Childhood memories: Much Ado About Nothing

Here, Alan Rick from SWit’CH (Swinton Writers in t’Critchley House) shares his humorous account of memories from school, learning all about the birds and the bees!

My school, an all-boy’s school, taught us much about creation. We listened in real or feigned rapture, as the black-gowned master explained how a variety of things came into existence: how the frog developed from the tadpole, how the plants and flowers arose from seeds, how the butterfly emerges from the chrysalis and many wonders by which nature manifested herself.

Several years later, in the army, an irate drill sergeant was to express wonder that I had managed to make it to the human race at all and to cast doubt on my parentage by calling me a ‘clueless b…….!’ But for the present, all seemed to be in order.

Yet one question remained to be answered: how did I get here? Apparently, I was one of the many creations by which the Lord moved in mysterious ways, his wonders to perform. It would have astonished the drill sergeant to hear that the Lord had even fashioned me as fit for military service – irony indeed.

The Headmaster had announced, in a voice that would have blown a hole in a wall, that the First Form were to receive a lesson in what was known as the ‘human reproductive system.’

Nobody in our form, twelve years old, had the remotest idea what it meant, but discussion in the quad threw up some exciting ideas. Those with a scientific leaning suggested that it must be about producing people by machine, an idea culled from the space adventure films becoming popular at the time.

The old ‘birds and the bees’ theory we roundly dismissed as being fit only for infant school tots. We twelve-year-old sophisticates were not to be palmed off with such stuff. Also, the stork cannot have brought us here – it was a long flight from Australia and we had never heard of his burden being lost by accident or by the sea.

None of our parents had a gooseberry bush in their garden either. There was a quiet murmur from a bespectacled boy in the front of the group that if you went to sit on a chair upon which a girl had already sat, a baby would be born due to the warmth of the seat she had sat on.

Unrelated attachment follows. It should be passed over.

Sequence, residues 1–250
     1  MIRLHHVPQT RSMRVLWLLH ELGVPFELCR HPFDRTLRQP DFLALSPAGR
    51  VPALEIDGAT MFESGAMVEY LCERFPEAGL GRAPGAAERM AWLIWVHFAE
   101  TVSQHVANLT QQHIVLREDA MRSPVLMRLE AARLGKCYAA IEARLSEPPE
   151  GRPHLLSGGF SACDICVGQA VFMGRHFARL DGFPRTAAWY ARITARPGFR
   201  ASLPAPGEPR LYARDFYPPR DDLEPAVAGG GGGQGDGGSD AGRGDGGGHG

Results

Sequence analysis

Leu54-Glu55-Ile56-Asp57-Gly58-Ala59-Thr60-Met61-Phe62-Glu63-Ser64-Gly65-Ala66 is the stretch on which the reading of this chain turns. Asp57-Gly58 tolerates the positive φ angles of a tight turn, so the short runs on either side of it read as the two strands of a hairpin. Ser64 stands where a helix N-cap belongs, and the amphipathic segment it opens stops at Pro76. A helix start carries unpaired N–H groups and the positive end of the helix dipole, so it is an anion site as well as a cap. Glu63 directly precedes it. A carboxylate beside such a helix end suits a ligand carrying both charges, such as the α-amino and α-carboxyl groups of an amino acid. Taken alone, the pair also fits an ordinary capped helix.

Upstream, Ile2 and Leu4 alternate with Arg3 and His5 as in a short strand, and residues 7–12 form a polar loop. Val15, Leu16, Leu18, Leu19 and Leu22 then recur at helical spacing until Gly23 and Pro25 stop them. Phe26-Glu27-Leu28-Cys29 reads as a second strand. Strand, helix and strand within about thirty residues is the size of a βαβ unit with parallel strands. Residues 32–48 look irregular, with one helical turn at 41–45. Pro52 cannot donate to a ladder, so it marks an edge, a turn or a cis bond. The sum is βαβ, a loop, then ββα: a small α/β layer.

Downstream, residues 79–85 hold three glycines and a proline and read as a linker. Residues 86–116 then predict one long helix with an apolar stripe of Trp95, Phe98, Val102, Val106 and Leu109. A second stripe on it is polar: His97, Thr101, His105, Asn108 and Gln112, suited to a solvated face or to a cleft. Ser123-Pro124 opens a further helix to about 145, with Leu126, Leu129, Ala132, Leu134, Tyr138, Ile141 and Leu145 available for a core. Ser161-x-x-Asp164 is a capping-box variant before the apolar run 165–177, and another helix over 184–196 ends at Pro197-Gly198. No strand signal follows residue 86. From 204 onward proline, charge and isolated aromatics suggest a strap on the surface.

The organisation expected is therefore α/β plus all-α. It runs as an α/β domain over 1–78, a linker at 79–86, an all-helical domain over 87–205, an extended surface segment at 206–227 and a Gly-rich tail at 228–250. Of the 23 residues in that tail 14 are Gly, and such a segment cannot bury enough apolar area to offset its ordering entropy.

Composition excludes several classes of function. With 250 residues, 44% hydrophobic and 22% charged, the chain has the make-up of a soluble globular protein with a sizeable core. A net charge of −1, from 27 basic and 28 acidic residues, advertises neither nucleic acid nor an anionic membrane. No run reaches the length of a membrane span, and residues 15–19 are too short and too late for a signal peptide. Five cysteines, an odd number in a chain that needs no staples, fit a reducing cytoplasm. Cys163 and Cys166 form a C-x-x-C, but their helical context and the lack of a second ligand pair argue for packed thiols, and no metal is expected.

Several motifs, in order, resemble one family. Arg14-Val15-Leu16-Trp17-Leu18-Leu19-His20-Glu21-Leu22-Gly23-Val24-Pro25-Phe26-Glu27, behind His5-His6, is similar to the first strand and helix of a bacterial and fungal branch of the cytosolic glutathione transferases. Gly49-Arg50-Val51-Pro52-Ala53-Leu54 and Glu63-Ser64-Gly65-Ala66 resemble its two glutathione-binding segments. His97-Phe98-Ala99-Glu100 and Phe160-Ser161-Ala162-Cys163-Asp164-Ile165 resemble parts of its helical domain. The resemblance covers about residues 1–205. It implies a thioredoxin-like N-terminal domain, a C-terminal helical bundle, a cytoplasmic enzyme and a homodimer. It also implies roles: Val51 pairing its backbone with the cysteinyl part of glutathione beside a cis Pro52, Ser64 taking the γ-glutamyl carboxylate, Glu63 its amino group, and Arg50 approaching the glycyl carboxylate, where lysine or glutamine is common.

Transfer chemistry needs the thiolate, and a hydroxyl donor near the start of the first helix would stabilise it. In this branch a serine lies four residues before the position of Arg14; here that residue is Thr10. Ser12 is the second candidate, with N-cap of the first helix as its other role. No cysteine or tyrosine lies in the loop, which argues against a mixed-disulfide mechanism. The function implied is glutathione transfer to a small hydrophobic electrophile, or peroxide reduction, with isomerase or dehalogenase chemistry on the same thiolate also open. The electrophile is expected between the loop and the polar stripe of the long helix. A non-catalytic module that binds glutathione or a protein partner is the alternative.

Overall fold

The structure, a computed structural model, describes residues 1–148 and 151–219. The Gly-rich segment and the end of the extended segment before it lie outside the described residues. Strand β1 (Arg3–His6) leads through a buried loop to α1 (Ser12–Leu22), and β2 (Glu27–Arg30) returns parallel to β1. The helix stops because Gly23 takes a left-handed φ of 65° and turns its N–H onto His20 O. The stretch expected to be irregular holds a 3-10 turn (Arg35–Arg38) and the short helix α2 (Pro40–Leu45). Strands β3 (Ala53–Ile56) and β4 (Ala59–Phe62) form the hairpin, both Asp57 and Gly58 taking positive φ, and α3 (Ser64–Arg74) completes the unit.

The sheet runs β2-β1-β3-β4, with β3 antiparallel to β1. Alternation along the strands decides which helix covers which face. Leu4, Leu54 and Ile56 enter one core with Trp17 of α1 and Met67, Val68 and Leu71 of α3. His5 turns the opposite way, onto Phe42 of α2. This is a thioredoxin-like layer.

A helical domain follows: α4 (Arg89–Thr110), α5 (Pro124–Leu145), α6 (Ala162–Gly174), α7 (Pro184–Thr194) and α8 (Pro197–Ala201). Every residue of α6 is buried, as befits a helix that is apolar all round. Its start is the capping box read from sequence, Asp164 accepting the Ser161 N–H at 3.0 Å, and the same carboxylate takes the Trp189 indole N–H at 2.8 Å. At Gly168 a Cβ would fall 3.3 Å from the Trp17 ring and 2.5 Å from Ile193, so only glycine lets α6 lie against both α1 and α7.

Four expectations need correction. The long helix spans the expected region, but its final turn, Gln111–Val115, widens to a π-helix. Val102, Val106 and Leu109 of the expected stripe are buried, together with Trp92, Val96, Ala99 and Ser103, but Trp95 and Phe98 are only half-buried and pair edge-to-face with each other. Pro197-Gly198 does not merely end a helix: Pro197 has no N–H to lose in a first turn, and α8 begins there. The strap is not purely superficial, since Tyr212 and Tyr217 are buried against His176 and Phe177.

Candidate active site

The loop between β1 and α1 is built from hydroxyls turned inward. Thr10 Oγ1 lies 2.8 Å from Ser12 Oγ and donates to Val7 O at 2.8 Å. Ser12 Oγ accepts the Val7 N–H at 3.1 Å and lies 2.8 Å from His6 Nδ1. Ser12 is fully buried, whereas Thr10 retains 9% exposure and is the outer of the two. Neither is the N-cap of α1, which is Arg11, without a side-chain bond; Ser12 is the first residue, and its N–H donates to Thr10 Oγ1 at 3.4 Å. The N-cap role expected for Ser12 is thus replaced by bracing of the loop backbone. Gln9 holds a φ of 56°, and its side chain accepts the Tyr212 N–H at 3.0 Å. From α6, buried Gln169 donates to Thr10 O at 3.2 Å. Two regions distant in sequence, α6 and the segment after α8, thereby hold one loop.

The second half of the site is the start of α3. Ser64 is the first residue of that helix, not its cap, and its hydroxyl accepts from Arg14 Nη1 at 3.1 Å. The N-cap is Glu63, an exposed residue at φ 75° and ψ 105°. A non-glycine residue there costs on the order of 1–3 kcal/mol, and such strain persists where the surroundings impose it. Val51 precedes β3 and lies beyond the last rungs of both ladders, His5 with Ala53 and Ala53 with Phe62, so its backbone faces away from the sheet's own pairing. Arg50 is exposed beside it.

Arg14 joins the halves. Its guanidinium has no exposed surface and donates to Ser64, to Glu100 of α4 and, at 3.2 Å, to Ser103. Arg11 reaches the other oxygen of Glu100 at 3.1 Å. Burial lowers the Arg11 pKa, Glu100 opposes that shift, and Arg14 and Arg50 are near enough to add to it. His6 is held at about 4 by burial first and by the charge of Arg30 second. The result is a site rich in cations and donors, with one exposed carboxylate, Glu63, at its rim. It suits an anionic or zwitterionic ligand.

This was greeted with scorn – no girl in our former primary school was capable of sitting long enough for this to happen. In any case, this was heresy – reproduction by purely human agency so clearly contrary to the thirty-nine articles of the Church of England. We knew this through our instruction in R. I. lessons.

Enter Hamilton, the Aristotle of our form, who was reputed to have the answer to everything in life, ‘You lot are way off the track,’ and we were sure he would have a theory. Whenever Hamilton adopted a lofty tone it always meant that he was having a theory.

‘Your parents get together,’ he answered mysteriously. But our parents are already together, was our reply, so clarification was required. ‘Yes, but they do things to each other.’

There were blank stares all round as the mystery deepened.

‘What things?’

‘Well, things they don’t tell anybody about.’

The stares got bleaker.

‘Did my parents do this?’ was my plaintive cry.

‘They certainly did.’

I was seized with panic. ‘Do the police know? Will they be prosecuted?’

‘Not to worry,’ answered our form lawyer. ‘It’s not a crime under the Official Secrets Act, but only a misdemeanour and the police have decided to let it go.’

In due course, our visiting tutor, himself a wonder of creation, a fresh-faced, spindly youth full of the burning ardour of those determined to propel any novelty into the modern world, appeared. Our school was founded in the 15th century and, we thought, our masters not long after it, so it occurred to us that it would take an almighty heave to bring it into the 20th century. But we were attentive while he explained the process to us.

It seems that it was all about ducks, a figure of speech as we later realised to our relief.

‘Have you noticed as you stroll through St James’s Park how the ducks interact on the lake?’ This was stirring stuff indeed. ‘It is the male duck that makes the strident quacking noise to please the female.’

It was a wonder to us that she could be so easily pleased. The enlightenment went on from one absurdity to the next with the result that we all ended up no wiser than at the start. The picture of my father, a military man of stern character, making quacking noises to my mother was too surreal to be true. His noise would be much more earth-shaking than that. In time of war he was a man of peace – except in his domestic affairs.

The time for our post-lesson discussion in the quad at last arrived. Hamilton assumed his usual managerial air.

‘We are getting another lesson next week,’ he announced.

A voice from the back row murmured.

Not those bloody ducks again!’


This story can be found in the SWit’CH anthology Memories Unlocked available to order here

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